NASA says that the likely cause is an internal short stemming from the Radioisotope Thermoelectric Generator (RTG) – the rovers nuclear power source.

RTG’s have been commonly used on many NASA missions that also experienced occasional shorts and that had no long term impact or loss of capability on their flights.

“This type of intermittent short has been seen in similar RTGs, including the one on the Cassini spacecraft, which has been orbiting Saturn for years. The rover electronics are designed to operate at variable power supply voltages, so this is not a major problem,” says Curiosity team member Ken Herkenhoff of the USGS in a mission update.

The voltage level had returned its normal level of 11 volts on its own by Nov. 23, when the team had decided to resume science operations.

So it is possible that the same type of intermittent voltage change could recur in the future.

Meanwhile the rover has resumed her epic trek to Mount Sharp and is expected to arrive at the base of the mountain sometime in mid-2014.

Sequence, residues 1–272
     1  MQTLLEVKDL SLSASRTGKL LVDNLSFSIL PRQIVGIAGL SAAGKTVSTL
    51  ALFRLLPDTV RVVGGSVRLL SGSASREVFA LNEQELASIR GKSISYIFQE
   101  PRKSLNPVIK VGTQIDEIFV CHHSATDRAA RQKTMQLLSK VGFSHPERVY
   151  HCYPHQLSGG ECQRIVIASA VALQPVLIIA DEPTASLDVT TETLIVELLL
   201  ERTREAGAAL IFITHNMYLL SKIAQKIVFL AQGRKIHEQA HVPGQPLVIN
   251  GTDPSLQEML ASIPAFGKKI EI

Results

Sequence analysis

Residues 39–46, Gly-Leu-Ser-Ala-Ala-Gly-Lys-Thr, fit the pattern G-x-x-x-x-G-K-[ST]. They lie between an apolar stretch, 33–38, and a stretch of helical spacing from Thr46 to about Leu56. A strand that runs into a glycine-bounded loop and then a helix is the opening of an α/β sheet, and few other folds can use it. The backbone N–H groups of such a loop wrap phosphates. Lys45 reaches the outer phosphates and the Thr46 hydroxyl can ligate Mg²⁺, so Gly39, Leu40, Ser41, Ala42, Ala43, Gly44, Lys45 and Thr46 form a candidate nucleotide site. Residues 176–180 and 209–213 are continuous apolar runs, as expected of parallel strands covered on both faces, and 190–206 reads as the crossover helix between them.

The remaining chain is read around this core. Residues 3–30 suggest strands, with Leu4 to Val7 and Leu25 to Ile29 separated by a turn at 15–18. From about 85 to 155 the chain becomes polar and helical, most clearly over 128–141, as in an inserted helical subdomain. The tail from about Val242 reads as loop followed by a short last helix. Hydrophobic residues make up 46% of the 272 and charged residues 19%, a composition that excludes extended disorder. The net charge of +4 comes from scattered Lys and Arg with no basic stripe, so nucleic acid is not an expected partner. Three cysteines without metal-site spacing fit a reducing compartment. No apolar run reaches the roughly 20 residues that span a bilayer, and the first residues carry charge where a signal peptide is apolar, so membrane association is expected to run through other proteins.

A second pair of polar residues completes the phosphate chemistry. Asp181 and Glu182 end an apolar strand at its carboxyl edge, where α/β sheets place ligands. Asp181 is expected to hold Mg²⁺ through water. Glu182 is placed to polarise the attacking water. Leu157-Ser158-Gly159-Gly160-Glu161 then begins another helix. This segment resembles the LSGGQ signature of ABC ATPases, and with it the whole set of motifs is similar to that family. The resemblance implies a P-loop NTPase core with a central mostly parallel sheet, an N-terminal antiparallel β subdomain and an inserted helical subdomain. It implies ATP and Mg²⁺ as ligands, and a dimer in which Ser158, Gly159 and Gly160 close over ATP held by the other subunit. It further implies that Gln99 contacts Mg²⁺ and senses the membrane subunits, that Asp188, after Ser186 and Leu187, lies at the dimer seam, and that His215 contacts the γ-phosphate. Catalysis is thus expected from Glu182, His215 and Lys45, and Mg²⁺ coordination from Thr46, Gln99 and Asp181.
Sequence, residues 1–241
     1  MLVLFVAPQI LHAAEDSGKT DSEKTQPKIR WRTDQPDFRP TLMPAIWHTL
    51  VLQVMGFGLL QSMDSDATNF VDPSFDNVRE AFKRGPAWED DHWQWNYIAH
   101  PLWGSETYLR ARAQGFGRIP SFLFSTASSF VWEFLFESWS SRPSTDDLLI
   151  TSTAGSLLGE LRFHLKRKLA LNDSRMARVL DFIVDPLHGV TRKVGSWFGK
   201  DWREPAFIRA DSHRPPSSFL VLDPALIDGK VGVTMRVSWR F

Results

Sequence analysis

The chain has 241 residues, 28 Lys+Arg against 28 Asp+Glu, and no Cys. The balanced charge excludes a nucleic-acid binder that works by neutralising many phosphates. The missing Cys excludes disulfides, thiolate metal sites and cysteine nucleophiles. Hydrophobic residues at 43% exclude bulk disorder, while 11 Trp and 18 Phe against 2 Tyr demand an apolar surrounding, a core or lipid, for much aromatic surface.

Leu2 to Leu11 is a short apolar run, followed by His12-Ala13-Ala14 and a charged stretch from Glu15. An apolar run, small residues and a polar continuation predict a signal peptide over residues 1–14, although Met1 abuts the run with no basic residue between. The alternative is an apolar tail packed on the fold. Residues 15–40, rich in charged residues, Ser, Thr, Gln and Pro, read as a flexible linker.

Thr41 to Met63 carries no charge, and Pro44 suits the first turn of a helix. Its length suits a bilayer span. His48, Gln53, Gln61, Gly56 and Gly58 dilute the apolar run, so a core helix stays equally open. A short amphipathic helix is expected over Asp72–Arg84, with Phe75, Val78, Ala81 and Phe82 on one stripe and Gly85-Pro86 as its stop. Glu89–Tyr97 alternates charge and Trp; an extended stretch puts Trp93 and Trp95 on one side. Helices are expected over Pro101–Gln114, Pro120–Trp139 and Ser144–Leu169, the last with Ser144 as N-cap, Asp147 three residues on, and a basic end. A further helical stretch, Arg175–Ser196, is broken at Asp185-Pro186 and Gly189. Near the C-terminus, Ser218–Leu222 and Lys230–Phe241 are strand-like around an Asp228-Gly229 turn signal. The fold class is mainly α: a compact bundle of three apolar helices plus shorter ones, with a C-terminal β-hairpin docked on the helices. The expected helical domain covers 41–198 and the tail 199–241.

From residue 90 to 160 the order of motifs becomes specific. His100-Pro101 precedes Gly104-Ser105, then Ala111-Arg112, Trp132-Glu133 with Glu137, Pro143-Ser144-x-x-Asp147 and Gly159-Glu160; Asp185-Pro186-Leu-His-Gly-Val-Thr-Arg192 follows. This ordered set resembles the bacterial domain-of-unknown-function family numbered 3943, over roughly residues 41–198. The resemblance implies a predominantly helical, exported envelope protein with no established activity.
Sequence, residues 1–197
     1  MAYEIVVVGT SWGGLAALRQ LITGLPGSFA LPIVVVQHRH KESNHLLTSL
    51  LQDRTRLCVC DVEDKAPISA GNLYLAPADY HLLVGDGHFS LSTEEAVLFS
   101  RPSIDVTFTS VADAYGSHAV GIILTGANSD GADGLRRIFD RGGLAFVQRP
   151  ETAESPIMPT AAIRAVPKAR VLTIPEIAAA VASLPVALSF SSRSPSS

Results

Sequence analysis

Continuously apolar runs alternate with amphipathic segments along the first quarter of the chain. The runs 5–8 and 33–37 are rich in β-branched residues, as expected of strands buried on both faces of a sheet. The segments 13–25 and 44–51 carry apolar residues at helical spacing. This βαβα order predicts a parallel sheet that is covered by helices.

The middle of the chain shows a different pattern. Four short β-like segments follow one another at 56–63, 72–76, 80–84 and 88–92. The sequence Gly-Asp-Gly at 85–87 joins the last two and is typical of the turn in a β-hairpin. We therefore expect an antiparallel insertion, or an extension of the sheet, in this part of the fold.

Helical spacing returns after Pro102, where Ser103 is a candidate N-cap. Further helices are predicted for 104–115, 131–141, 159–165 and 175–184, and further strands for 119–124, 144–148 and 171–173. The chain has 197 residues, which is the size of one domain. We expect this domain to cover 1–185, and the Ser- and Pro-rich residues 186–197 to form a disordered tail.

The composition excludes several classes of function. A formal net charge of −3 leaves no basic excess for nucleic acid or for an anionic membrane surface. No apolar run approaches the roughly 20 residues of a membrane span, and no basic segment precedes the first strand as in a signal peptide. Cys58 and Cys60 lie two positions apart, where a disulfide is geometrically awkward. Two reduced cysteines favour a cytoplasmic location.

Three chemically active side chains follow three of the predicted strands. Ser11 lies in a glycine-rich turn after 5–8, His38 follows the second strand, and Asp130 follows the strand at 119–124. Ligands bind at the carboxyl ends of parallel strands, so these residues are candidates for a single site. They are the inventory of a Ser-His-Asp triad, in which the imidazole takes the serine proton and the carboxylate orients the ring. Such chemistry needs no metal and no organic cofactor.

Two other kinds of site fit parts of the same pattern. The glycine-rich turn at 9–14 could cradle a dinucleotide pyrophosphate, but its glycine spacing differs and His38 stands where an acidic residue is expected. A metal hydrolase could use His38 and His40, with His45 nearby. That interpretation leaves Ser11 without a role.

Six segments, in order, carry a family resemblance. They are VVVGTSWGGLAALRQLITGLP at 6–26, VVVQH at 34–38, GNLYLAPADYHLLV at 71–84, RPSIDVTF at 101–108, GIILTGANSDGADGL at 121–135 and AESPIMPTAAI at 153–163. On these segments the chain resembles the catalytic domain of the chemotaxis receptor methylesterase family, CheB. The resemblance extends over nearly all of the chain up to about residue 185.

Curiosity Spies Mount Sharp – her primary destination. Curiosity will ascend mysterious Mount Sharp and investigate the sedimentary layers searching for clues to the history and habitability o the Red Planet of billions of years. This mosaic was assembled from Mastcam camera images taken on Sol 352 (Aug 2, 2013). Credit: NASA/JPL-Caltech/MSSS/ Marco Di Lorenzo/Ken Kremer

Curiosity Spies Mount Sharp – her primary destination. Curiosity will ascend mysterious Mount Sharp and investigate the sedimentary layers searching for clues to the history and habitability o the Red Planet of billions of years. This mosaic was assembled from Mastcam camera images taken on Sol 352 (Aug 2, 2013). Credit: NASA/JPL-Caltech/MSSS/ Marco Di Lorenzo/Ken Kremer

This past weekend, the robot delivered additional portions of powdered rock to the CheMin and SAM labs inside the rover. The sample was collected 6 months ago after drilling into a rock nicknamed “Cumberland” and will supplement prior measurements.